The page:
At The Movies: In The Queue

I've been threatening myself to watch a new (to me) movie recently. Each time I've finished my day and sat down though, it's been too late or I just haven't been feeling it. I'll get to it though, I swear.

What's in your queue that you know you want to get to, but just haven't for one reason or another? Bonus points if you can guess which recent, well-received movie I've been psyching myself up to see (not due to the subject matter, just any sort of time commitment).

Also, what else have you been watching?

73 thoughts on “At The Movies: In The Queue”

      1. Me too. I lol’ed multiple times.

        Also, how cool that the soundtrack would have one of Eno’s rockingest tunes, a John Cale cut and a Kate Bush classic. Somebody has good taste.

  1. Greyhound was pretty good. Most complaints were that viewers didn't have enough context to understand the moves that the captain was making. I didn't find myself in that situation.

    Umbrella Academy season 2 was like the first season; it seemed an episode or two too long. I think also if I tried to map out the timeline, I'd find some characters hard pressed to get from where they were to where they got to in the supposed amount of time.

    Project Power was entertaining but depended too much on the standard evil government agency trope.

    Watchmen series did a good job. Also timely topic handled within it.

  2. Watched The Death of Stalin finally. I mean, the comedy couldn't help but write itself. LOL. Enjoyed.

    Jojo Rabbit was also a good one, IMO. Critics seem to think it stopped short of great, but I was entertained.

    Finally finished season two of American Gods. I loved the book, but at times found the show a chore. Guess I'm not really recommending it.

    Oh. Also finally finished The Last Dance. I was a huge NBA fan in the 90s, so, yeah, wonderful.

    1. The trailer for JoJo Rabbit was a bit misleading in that it cast the movie as a romp. I enjoyed the total picture, and as Ruh notes the kid who plays Yorki killed it.

      1. I just spent 30 minutes trying to find a piece of video art made by a Chinese artist that mashed concert video of Bryan Adams playing Summer of 69 with images from the cultural revolution. Really stunning piece of art.

  3. I watched Peanut Butter Falcon this last weekend. Cute, predictable.

    I have a lot of movies in the queue. Most are serious three hour movies that I just haven't been in the mood to watch.

  4. Went to Vali Hi Drive In on Saturday for Jurassic Park and Jaws, which was pretty much a perfect end to a fantastic summer day.

    Started Ozark, and liking it through 4 episodes.

    1. Those are two of my favorite films, were two of my sister's favorites before she passed (so sentimental favorites too!), and also two that I think of as being among the best made ever. What a perfect double feature.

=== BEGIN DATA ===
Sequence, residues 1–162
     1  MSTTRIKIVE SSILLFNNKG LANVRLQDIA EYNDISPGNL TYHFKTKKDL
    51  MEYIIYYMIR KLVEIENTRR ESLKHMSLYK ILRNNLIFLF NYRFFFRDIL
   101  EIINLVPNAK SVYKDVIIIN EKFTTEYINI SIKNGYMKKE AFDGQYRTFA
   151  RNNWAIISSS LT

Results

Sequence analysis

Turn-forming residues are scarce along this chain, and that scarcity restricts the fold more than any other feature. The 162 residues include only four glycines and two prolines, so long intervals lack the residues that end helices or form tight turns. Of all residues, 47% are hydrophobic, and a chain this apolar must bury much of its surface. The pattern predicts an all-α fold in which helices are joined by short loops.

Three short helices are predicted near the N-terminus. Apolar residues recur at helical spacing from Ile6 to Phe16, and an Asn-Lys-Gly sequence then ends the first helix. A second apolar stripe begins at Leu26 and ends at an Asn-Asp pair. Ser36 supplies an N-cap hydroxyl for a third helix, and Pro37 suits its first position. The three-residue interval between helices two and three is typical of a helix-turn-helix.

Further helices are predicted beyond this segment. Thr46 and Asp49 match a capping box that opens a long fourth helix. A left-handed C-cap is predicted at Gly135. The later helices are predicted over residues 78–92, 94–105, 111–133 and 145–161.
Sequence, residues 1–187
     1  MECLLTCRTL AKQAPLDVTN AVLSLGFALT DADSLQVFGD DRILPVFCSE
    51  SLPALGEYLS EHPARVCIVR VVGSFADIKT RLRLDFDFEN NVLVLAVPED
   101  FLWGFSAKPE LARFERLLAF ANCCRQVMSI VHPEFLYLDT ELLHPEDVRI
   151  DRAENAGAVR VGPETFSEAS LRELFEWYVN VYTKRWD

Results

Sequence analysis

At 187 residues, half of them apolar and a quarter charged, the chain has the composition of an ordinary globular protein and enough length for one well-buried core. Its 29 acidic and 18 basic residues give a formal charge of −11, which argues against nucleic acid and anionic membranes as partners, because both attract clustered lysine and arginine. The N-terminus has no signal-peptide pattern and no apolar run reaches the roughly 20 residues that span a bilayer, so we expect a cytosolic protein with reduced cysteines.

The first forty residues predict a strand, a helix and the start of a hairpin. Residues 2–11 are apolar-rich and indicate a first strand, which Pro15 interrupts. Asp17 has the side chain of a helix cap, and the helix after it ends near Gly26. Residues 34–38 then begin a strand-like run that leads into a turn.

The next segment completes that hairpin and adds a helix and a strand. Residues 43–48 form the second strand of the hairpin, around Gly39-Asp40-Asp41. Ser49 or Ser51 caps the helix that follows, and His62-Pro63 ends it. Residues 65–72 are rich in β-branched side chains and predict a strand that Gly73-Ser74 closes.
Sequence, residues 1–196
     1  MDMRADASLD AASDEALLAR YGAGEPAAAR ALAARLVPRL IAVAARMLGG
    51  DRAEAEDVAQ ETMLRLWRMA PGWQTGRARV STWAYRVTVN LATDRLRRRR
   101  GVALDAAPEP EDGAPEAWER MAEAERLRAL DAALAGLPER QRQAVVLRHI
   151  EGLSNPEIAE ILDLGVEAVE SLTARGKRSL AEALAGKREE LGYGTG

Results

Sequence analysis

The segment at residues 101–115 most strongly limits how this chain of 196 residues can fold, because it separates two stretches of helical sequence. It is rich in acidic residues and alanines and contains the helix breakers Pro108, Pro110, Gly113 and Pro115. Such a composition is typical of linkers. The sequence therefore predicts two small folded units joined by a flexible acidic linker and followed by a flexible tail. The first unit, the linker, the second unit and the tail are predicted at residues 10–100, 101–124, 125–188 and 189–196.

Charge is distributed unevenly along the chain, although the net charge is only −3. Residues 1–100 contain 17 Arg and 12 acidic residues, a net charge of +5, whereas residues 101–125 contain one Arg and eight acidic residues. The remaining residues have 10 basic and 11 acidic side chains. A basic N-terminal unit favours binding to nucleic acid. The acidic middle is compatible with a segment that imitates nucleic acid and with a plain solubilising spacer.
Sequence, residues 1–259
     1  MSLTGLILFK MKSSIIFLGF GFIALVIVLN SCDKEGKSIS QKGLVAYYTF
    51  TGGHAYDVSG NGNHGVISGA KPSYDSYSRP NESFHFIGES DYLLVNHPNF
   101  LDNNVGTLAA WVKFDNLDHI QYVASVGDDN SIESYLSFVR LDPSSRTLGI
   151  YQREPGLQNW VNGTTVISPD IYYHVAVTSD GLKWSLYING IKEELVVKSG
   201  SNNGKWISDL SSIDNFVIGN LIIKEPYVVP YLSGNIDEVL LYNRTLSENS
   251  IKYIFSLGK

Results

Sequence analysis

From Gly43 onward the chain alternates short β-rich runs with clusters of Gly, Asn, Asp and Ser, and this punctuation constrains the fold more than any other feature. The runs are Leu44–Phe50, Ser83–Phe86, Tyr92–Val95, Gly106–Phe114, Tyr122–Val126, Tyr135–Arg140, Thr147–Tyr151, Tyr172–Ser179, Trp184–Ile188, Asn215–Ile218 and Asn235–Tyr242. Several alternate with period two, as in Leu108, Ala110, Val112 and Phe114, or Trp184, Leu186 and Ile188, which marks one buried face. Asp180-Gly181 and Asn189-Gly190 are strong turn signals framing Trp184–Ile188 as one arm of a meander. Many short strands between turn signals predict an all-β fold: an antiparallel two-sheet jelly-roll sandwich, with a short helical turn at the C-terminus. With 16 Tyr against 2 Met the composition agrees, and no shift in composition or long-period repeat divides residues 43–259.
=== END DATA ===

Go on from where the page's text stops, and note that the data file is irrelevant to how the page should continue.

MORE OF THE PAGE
5. Continuing with my UK bingeing, I’ve watched all but two episodes of Endeavour: The prequel to Inspector Morse (which I’ve not yet seen.) Excellent police series set in Oxford in the 60’s. Brilliant cast, great cinematography and engaging stories. Young Morse can be kind of a dick, but you got to love a cop that listens to Opera and does crossword puzzles.

  6. We're almost done with Brooklyn 99. I enjoy it, but I think some of the effect has worn off. Maybe it's that the characters haven't seemed to grow all that much? It's really a very slight criticism, because mostly I enjoy the show.

    I'm also almost done with Community. I stopped watching the show after season 4 when it was originally broadcast. This show used to be super funny. One of the funniest things on TV funny. Now... it's sort of just boring and acceptable, and I want to finish it out for the sake of finishing it. Did all of our senses of humor change so much in the past decade? Did we just all grow up and the childish stuff isn't as funny any more? Are we all just craving depth, so all the superficial stuff on this show just doesn't work any more? Are we all repulsed by Joel McHale now? Weren't we repulsed by him the first time too though? Did we just need to be in that moment in time for any of the million counter-culture jokes to land? Have our worries grown more real so now we can't be concerned by the petty stuff of this show? These are the questions I have.

    About Time - A pretty solid flick, that spends a little too much time getting going. It was recommended to me because I like It's A Wonderful Life, and that recommendation makes sense.

    The Last Jedi and The Rise of Skywalker - I'd seen TLJ before, but Philosofette hadn't. I liked it less the second time. The stakes seemed way lower, knowing what was going to go down. It was still way better than TROS. What a disappointment. This whole final trilogy thing was a massive letdown. They clearly had no plan from the start, and why you'd make a trilogy, to wrap up Star Wars without any semblance of a plan... ugh.